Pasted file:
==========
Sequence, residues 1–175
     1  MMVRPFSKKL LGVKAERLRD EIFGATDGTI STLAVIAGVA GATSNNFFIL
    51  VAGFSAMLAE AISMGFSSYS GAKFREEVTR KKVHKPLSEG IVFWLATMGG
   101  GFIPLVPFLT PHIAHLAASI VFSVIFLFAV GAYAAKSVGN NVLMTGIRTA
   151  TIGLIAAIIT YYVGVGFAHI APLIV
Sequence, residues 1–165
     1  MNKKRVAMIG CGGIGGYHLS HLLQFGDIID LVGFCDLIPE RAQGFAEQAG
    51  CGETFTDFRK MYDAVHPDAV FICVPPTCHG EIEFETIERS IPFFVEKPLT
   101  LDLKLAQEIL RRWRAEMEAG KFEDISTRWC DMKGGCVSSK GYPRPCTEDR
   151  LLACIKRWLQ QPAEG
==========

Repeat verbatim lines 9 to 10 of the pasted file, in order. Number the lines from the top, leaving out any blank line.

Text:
   101  LDLKLAQEIL RRWRAEMEAG KFEDISTRWC DMKGGCVSSK GYPRPCTEDR
   151  LLACIKRWLQ QPAEG